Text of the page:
and prudential consultations with, supervised institutions. The RBA will give
      APRA appropriate notice of its intention to participate in such reviews/
      consultations.

                                                                                         25
Consultation on Regulatory Policy Changes
14.   Each organisation will notify the other of any proposed changes in regulatory
      policy, and provide the opportunity to consult on changes which are likely to
      impinge on the responsibilities of the other.


International Representation
15.   The RBA and APRA will co-operate closely to ensure that Australia has
      appropriate representation in regional and international supervisory fora and
      training initiatives. In some circumstances there will be joint representation; for
      example, APRA will join the RBA in the relevant study groups of the Executive
      Meeting of East Asia and Pacific (EMEAP) central banks. In other circumstances
      only one institution will be represented; for example, APRA has assumed the
      RBA’s membership of the Core Principles Liaison Group in the Basle Committee
      on Banking Supervision. In the latter cases, the two organisations will consult with
      each other as needed before and after the particular gathering.


Co-ordination Committee
16.   A joint Co-ordination Committee will be established to facilitate close co-operation
      between the RBA and APRA. The Committee will be responsible for ensuring that
      appropriate arrangements are in place to respond to threats to system stability,
      and for co-ordinating information-sharing. It will also handle operational matters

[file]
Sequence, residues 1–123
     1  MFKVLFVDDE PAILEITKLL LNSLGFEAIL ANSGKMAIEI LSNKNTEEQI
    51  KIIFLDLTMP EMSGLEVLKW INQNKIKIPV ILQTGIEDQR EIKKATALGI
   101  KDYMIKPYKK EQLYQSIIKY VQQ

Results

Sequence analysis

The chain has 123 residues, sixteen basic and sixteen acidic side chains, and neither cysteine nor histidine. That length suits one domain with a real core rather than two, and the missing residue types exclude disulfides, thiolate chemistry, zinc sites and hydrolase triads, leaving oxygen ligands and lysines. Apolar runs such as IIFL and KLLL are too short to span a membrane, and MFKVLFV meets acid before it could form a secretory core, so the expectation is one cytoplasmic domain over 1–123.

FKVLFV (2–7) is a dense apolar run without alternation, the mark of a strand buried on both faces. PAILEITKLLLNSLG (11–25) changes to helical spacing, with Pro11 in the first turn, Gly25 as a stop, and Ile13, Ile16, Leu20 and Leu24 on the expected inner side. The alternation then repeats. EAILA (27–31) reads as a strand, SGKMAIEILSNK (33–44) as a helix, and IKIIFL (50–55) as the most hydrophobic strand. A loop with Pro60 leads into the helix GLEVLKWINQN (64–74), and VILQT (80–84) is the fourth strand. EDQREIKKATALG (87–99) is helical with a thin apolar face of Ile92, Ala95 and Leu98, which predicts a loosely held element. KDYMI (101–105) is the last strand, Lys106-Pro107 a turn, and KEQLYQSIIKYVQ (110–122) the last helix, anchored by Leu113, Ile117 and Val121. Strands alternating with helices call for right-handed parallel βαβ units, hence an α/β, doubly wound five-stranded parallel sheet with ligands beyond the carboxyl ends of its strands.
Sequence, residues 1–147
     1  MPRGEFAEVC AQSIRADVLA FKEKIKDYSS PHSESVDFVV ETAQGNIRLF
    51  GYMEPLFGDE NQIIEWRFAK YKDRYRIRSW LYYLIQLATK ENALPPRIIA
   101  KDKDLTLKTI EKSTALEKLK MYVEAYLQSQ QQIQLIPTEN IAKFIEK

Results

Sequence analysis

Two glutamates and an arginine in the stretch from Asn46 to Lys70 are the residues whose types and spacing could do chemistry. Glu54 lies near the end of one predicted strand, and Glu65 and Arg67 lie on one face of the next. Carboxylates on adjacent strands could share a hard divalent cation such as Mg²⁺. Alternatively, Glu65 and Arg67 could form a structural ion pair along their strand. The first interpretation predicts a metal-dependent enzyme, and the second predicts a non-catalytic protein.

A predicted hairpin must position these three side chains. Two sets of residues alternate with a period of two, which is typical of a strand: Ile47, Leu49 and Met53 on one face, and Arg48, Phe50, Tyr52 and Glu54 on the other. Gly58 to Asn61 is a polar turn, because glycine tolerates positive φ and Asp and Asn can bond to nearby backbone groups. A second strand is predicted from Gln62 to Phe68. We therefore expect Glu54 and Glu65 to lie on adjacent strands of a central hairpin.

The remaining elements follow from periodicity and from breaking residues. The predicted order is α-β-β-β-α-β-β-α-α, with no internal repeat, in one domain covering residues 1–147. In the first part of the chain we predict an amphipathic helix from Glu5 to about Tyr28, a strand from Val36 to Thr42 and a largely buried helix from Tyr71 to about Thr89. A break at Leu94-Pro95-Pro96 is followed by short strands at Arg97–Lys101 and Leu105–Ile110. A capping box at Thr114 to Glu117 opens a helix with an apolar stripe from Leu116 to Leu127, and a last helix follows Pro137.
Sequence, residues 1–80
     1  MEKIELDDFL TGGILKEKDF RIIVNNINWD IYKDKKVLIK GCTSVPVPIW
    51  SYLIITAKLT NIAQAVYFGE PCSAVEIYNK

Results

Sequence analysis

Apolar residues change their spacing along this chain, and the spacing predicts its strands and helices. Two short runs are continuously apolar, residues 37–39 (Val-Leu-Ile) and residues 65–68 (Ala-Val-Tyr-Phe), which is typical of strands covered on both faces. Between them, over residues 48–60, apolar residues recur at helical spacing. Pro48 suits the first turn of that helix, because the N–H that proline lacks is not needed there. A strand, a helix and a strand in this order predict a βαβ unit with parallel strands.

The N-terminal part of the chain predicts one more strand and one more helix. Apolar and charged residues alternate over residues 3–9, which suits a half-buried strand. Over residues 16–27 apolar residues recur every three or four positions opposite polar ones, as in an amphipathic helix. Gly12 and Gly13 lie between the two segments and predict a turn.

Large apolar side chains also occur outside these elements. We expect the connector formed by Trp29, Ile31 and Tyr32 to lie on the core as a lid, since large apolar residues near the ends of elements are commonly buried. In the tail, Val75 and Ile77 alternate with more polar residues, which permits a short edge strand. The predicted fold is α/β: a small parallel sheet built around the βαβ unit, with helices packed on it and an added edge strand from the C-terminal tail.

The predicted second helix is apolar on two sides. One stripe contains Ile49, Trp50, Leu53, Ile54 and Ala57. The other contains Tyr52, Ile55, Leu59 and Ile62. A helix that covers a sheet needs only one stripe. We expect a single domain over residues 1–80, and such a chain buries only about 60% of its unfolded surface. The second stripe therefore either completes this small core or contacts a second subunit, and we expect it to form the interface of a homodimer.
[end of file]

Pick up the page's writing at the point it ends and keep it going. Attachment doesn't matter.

such as statistical collections, joint research work and participation in
      international fora.
17.   The Committee will be chaired by the Assistant Governor (Financial System) of
      the RBA and meet monthly or more frequently as required.


I.J. Macfarlane                              G.J. Thompson
Governor                                     Chief Executive Officer
Reserve Bank of Australia                    Australian Prudential                    `
                                             Regulation Authority




SYDNEY
12 October 1998


26
    THE AUSTRALIAN PRUDENTIAL REGULATION
 AUTHORITY AND THE AUSTRALIAN SECURITIES AND
          INVESTMENTS COMMISSION

1. Objective
1.1   This memorandum of understanding (MOU) sets out a framework for co-
      operation between the Australian Prudential Regulation Authority (APRA) and
      the Australian Securities and Investments Commission (ASIC) (the agencies) in
      areas of common interest where co-operation is essential for the effective and
      efficient performance of their respective financial regulation functions.
1.2   The agencies agree that consistent with their separate roles they will co-operate
      where it is within their administrative powers to reduce duplication and
      compliance costs and achieve effective enforcement and compliance outcomes.
1.3   This MOU is not intended to create binding obligations on either agency and each
      agency has the right to vary its terms at any time by agreement following
      consultation with the other agency.


2. Responsibilities
2.1   APRA is responsible for the prudential supervision for banks, life and general